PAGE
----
How to Set-up a Multi-camera Live Webcast with a One-man Crew

Authored by Gregg Hall, owner/operator Webcast & Beyond

One of the big advantages of live streaming today is the ability to affordably broadcast all kinds of events to specific target audiences.  The availability of low-cost broadcast equipment and online streaming services has opened the door to practically any organization wishing to produce live content.  In the quest to minimize production budgets whilst maintaining production quality I will discuss one approach to webcasting an event wherein one person wears the hats of many; namely 2 (or more) cameramen, the technical director, the sound engineer, and the encoding engineer.  Mind you, this approach does not work for every situation but there are many events where this is totally feasible and opens the door to more business opportunities by keeping production costs to a minimum.

Let’s start by specifying the design requirements for this one-man webcasting system.  First, it must be high definition.  These days it is easy to acquire affordable cameras that shoot at 1080i and output either an HDMI or HD-SDI signal.  I can’t overstate the importance of shooting in Hi-Def even when you are streaming at standard definition bit rates.  The fact is HD sources look far superior to SD sources when encoded at lower bit rates.  Secondly, it must be portable.  By that I mean one person can transport the whole system by themselves when travelling by plane.  Thirdly, the layout must be ergonomically efficient to allow one person access to all of the controls.

Here then is a list of the basic components needed:

  • Cameras – We need two or more HD cameras with HDMI or HD-SDI outputs.  Many options in the $2k – $5k range are readily available.  Check out the Canon XA25 HD camcorder priced at $2.5k.  This camera has a 20x zoom lens, XLR audio, HD-SDI & HDMI outputs and is compact enough for travel.  Make sure to select fluid head tripods that fold up compact enough to fit in a suitcase.
  • Switcher – Seamless switching between the various cameras along with the ability to add transitions, effects and graphics is a must.  Options include software based products such as Telestream’s Wirecast, hardware switchers including the Black-magic Design ATEM Television Studio, or all-in-one streaming boxes such as the Livestream HD500.
  • Audio – For some events you may end up bringing a few wireless mics and that will be sufficient.  More often than not there will be a live sound system to connect with.  I recommend bringing your own small audio mixer to control the level being feed to you and also to add your own ambient mic, which captures the audience and venue sounds not picked up by the PA system.  Another consideration is maintaining sync between the audio and video.  Typically the video switcher introduces a delay of 2-3 frames which means your audio needs to be delayed by the same amount.  Sometimes the solution is to route the audio output of your mixer through one of your cameras.  That way the audio becomes embedded with the video inside the camera and is brought into the switcher through one of the video inputs.  The switcher then maintains the audio/video sync.  But if you bring the audio directly into the encoder, you will need an audio delay unit to compensate.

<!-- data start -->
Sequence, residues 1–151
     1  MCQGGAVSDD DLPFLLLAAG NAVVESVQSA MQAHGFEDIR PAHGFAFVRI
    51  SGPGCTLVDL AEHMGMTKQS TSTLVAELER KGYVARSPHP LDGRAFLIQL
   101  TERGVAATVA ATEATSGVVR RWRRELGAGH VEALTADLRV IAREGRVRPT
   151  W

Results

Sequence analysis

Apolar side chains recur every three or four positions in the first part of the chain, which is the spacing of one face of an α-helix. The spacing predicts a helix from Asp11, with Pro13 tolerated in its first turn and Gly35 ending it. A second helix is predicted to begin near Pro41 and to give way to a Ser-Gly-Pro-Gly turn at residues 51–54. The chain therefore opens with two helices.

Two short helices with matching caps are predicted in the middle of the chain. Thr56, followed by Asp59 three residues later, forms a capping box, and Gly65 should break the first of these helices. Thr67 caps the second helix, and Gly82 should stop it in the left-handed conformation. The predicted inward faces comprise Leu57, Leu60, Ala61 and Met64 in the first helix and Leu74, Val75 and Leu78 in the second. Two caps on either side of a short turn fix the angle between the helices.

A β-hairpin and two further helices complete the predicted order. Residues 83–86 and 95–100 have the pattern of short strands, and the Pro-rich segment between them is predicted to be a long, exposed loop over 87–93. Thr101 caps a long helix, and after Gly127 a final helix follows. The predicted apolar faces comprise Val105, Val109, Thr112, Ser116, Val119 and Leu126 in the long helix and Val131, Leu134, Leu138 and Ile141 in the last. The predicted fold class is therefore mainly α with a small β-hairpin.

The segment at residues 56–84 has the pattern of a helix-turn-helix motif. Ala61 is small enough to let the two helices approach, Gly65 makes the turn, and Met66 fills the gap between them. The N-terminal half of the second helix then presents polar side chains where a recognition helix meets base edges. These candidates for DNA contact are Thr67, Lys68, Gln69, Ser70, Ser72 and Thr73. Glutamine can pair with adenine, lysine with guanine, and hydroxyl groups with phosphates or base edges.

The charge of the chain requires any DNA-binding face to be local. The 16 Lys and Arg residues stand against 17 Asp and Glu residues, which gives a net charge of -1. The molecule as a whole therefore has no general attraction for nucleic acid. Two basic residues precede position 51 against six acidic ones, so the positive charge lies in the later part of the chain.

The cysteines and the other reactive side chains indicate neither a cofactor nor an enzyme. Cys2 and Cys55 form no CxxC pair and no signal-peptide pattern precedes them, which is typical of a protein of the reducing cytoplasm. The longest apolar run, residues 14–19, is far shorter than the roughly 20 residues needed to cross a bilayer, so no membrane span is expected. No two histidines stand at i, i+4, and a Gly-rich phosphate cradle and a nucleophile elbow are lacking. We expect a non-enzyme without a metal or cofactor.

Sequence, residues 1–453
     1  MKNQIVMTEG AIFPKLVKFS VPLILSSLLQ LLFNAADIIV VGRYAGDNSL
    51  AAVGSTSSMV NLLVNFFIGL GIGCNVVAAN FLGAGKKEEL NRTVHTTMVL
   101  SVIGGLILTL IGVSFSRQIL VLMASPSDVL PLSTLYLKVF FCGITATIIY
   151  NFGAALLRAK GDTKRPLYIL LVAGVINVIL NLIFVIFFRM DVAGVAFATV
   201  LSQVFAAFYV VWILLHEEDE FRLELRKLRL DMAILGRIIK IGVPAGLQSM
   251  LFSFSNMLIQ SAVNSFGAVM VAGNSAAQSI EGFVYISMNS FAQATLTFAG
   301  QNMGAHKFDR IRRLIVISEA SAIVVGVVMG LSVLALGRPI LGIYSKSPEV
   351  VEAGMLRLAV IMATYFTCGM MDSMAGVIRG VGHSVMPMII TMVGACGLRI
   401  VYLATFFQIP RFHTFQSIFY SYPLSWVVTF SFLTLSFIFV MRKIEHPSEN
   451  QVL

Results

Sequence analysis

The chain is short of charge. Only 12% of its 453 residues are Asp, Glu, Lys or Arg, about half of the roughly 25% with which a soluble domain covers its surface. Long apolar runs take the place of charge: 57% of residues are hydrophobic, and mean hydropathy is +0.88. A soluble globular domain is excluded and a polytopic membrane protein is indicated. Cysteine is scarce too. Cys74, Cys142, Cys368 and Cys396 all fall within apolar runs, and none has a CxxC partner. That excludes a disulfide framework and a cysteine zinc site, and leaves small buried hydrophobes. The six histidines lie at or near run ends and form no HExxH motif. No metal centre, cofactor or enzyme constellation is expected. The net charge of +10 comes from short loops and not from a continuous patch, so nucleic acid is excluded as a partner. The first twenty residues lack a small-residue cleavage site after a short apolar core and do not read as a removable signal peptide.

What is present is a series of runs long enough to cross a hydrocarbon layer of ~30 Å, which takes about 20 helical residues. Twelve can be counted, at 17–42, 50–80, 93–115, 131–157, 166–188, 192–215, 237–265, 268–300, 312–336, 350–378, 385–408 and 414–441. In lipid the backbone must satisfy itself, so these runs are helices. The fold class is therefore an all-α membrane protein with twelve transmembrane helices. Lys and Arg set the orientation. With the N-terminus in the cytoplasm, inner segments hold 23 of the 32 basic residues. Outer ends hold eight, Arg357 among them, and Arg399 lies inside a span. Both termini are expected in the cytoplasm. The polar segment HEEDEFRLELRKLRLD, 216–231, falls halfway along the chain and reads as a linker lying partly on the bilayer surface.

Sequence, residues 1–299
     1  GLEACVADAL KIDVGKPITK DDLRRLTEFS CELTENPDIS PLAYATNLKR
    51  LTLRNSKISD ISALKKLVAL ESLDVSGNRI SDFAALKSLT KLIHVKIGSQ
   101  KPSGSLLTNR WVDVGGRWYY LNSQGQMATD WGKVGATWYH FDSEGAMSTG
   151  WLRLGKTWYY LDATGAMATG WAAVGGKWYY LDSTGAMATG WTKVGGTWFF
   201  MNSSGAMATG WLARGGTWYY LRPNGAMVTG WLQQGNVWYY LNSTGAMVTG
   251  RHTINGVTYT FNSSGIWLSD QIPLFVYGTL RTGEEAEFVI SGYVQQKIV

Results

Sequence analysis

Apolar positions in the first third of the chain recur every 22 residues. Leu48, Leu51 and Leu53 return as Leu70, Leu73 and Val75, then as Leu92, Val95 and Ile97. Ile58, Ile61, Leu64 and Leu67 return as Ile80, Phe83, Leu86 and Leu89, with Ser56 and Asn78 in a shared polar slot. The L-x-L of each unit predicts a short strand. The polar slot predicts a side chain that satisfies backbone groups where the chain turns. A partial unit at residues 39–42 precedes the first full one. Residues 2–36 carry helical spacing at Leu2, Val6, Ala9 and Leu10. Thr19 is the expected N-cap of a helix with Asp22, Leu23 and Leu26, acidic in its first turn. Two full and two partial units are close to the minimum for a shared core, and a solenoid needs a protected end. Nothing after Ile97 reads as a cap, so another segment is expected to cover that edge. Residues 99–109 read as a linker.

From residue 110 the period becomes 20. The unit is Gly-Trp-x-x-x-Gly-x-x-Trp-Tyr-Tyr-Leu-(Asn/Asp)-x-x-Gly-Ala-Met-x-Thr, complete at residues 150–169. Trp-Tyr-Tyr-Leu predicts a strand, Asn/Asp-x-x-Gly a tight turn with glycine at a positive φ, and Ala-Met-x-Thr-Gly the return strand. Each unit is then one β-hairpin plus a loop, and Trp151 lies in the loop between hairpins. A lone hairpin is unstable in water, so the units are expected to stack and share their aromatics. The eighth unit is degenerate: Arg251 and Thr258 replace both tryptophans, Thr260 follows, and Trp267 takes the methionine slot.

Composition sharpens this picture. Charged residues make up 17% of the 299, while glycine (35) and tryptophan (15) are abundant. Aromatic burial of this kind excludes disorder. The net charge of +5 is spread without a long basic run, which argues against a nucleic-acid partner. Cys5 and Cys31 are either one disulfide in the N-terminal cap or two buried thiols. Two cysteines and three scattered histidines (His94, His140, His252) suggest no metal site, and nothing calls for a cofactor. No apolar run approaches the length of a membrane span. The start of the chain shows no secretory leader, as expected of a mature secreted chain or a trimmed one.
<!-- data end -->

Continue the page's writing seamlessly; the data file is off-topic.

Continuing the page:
• Encoder – We will need a hardware or software encoder with an HD input to create your video stream.  I prefer software encoders such as Flash Media Live Encoder or Wirecast running on a laptop.  A video capture device with HD-SDI or HDMI inputs will be necessary to bring the video into the computer.  Black-Magic Design and Matrox offer many low-cost solutions for this.
One-man Webcast Set-up

One-man Webcast Set-up

Shown here is one of our portable systems deployed at a trade show. I was the one-man crew controlling the 2 cameras, switcher, audio mixer, and encoder. In this configuration 2 cameras are connected to a Black-Magic Design ATEM Television Studio Switcher. The switcher is very compact and affordable with a list price of only $1000. To use it, a laptop is employed as an external control surface, and a field HD television is used as a multi-view monitor. The ATEM has 6 inputs, a real-time H.264 output for recording an archive of the program stream and HDMI / HD-SDI outputs. The HDMI program out is routed to a Matrox O2 Mini external video capture device connected to a second laptop which acts as the encoder. A Mackie 1202 mixer receives a feed from the house PA system. The output then goes to a Behringer DEQ2496 processor which delays the audio 2 frames then converts it to a digital AES/EDU signal for input to the ATEM switcher. Also part of this system is a Matrox DVI convert which transcodes the screen of the host’s computer into an HD video signal that we can switch to as a video source. A pair of studio headphones monitors the audio from the Mackie mixer and also the encoder laptop. The encoder laptop also serves to monitor the webcast.

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